Asset servicing firms must rise to meet the challenge of increasing demand for socially responsible investing (SRI) from well-heeled clients, said Michael Yong-Haron, head of North Asia at RBC Wealth Management on the launch of the latest World Wealth Report.

That’s especially true in emerging markets, where SRI interest is being driven by a lack of social-welfare infrastructure, he told AsianInvestor.

High-net-worth individuals (HNWIs) are growing in number and wealth, but they are also growing more aware of SRI, found the 18th annual World Wealth Report published by RBC WM and consulting firm Capgemini.

While HNWI interest in SRI is rising, institutional investors are paving the way for product innovation, said Yong-Haron. Institutions that include SRI parameters in their mandates – such as Norway’s sovereign fund and the Canada Pension Plan Investment Board – are setting a trend for the industry, he noted.

“Once you have those models and mechanisms in place, you can replicate them for HNW clients,” he said. “We’ve started to look into this area. We have socially responsible funds, with about $3.3 billion in assets under management. You can actually get good returns by doing good.”

Incepted in November 2008, the PH&N Community Values Balanced Fund offered by RBC Global Asset Management averaged an 8% annual return from 2009-2013.

Yong-Haron was speaking after the release of the report, which surveyed 4,500 HNWIs across 23 countries. The survey found that the number of HNWIs and their investable wealth rose significantly in 2013, with Hong Kong and Japan recording particularly strong growth.

HNWIs are defined as having $1 million or more to invest, excluding property and collectibles, and ultra-HNWIs as having more than $30 million.

The world’s HNW population grew 14.7% last year to 13.7 million, the second largest increase since 2000, with growth driven by Asia Pacific (up 17.3%), the Middle East (+16%) and North America (+15%). Japan’s HNW population expanded 22.3%, powered mainly by real estate and financial market growth. Latin America was the laggard, with the number of wealthy there increasing 3.5%.

HNWIs saw their wealth increase to $52.62 trillion, up 13.8% from $46.22 trillion. Some 40% of that was created in the past five years.

Oil-rich Norway and Kuwait, finance hubs Hong Kong and Singapore and emerging markets China, India, Russia and Taiwan outperformed the countries surveyed in terms of wealth growth.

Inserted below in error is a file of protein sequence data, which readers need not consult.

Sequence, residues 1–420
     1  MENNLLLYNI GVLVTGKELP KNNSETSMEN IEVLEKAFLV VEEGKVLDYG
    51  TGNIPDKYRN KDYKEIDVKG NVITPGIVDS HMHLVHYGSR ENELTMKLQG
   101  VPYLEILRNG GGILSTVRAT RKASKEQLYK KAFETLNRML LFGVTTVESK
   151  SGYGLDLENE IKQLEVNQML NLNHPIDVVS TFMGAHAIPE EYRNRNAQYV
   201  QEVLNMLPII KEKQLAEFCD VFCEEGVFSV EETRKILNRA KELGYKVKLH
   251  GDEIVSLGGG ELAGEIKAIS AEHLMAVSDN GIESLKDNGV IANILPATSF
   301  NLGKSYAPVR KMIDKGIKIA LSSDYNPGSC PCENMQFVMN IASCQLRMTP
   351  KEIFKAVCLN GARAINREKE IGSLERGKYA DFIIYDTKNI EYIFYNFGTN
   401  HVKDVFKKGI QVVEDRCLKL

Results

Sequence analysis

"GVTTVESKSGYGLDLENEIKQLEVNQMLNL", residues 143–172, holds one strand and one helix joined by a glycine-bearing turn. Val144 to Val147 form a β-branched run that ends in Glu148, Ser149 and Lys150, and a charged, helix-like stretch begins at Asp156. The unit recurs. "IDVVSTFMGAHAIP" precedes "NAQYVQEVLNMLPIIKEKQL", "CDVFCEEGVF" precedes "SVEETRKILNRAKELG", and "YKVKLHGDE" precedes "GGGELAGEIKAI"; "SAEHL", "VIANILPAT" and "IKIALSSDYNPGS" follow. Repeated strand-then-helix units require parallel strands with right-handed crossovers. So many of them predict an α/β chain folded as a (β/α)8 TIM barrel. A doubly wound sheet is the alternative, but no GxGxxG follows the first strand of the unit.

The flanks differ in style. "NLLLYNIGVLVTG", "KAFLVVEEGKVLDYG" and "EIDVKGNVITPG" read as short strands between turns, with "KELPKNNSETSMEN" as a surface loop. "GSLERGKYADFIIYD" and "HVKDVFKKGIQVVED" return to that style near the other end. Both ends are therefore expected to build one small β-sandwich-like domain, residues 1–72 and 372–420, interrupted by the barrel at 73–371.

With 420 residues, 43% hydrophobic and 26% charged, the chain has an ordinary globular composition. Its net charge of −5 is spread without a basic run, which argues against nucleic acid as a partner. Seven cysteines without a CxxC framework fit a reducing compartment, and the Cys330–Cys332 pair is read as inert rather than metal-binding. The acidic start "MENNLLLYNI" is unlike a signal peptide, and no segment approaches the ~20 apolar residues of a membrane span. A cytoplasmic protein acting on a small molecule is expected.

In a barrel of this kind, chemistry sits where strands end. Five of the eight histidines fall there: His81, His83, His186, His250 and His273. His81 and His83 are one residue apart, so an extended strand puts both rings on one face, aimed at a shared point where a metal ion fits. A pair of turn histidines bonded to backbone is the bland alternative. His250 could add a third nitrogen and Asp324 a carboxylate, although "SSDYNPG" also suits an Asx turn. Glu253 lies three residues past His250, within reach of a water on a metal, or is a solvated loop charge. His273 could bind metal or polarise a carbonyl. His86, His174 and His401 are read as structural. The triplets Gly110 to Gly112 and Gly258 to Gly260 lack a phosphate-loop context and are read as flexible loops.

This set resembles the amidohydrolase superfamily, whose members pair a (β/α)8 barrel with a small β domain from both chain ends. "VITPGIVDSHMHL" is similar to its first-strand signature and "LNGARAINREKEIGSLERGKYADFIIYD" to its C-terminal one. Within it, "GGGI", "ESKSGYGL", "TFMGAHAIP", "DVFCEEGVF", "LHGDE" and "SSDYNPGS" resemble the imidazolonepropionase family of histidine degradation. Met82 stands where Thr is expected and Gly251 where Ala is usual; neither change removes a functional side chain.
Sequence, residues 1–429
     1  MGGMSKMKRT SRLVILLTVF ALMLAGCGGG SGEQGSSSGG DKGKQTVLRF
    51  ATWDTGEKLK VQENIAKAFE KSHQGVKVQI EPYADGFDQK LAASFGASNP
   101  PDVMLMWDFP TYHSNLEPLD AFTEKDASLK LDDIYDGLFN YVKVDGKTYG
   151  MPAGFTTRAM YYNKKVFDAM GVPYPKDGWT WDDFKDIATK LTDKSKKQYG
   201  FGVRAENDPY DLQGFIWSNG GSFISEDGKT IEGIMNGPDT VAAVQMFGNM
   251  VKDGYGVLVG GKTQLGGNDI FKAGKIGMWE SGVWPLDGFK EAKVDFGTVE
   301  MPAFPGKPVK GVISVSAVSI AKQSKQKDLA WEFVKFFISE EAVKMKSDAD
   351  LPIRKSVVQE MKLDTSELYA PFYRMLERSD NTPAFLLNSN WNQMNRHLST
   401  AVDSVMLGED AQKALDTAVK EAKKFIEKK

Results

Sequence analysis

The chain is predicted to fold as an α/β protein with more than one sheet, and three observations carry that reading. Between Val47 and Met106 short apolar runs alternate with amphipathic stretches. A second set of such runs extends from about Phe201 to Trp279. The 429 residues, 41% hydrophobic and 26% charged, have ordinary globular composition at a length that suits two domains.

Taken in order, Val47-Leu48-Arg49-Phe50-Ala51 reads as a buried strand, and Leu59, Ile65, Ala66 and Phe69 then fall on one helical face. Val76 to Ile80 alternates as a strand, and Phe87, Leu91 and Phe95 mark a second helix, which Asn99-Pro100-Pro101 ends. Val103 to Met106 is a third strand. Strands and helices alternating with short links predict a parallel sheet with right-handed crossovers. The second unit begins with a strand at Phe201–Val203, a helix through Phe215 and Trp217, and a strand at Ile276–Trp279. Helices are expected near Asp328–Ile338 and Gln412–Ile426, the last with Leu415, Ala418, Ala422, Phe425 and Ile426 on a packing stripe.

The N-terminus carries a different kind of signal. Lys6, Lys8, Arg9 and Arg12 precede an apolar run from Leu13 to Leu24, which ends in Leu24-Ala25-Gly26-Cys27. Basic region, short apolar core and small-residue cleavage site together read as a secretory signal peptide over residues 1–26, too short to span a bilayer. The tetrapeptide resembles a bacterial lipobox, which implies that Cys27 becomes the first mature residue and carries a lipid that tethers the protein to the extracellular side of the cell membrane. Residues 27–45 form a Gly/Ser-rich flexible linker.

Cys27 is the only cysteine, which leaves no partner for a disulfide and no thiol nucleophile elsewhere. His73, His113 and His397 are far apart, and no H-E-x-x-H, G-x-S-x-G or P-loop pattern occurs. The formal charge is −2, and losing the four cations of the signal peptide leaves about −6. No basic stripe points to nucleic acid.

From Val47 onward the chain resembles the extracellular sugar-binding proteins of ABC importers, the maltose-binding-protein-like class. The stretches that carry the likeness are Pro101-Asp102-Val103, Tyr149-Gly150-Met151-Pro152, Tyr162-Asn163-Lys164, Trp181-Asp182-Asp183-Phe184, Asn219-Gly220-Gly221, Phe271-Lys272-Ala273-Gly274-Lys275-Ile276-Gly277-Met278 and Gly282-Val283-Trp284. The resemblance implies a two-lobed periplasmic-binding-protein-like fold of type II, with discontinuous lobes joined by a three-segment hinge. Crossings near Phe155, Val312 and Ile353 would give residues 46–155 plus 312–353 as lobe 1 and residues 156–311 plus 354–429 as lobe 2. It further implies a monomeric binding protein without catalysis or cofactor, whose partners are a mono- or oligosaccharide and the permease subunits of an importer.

Hong Kong’s HNW population and its wealth increased 9.4% and 11.9% to 124,000 and $626.9 billion, respectively. Growth was driven chiefly by robust performance of the equity and real estate markets. Singapore’s HNW population and its wealth rose 4.5% and 6.8%, respectively, to 105,000 and $522.5 billion.

Asset allocation reflected a decreased concern for wealth preservation and increased demand for growth, the survey found.

Cash was the largest weighting of HNWI holdings at 26.6%, down 1.6 percentage points from 2012. That was followed by equities at 24.8%, down 1.2 percentage points. Allocations to fixed income and alternatives rose 4.1 percentage points to 29.9%. Hedge fund exposure rose 3.5 percentage points, but it remained the least favoured alternatives strategy. In Asia Pacific, investors continued to favour real estate over all other investments.

As for service provision, HNWIs prefer to seek professional advice, work with a single firm and receive customised services. While they continue to prioritise direct contact with their wealth manager, digital channels are gaining prominence, with almost two-thirds of HNWIs expecting most or all of their wealth management relationship to be run digitally within the next five years.

“We’re seeing a new level of sophistication on the part of HNWIs,” said Yong-Haron. “Direct human direct contact remains, as it’s very important in terms of engagement, but the digital piece supplements and complements the whole client experience.”

Ninety-two percent of HNWIs say that investing their time, money or expertise to make a positive social impact is important to them, with 61% describing it as very or extremely important. Health, education and children’s causes topped investors’ SRI considerations.

The preferred methods of SRI included investment choices with a defined socially responsible objective, giving to charity, and community activity.

Other survey findings included:

  • HNWIs have taken on a more global mindset, allocating 37% of their assets outside their home region, up from 25% the year before;
  • trust and confidence in the wealth management industry surged;
  • confidence in financial markets and regulatory bodies also increased; and
  • despite strong wealth growth and increasing confidence levels, HNWIs gave their wealth managers lower performance ratings than last year.

Capgemini forecasts global HNWI wealth will rise 22% by 2016 to $64.3 trillion.

Click here for a story on last year's report.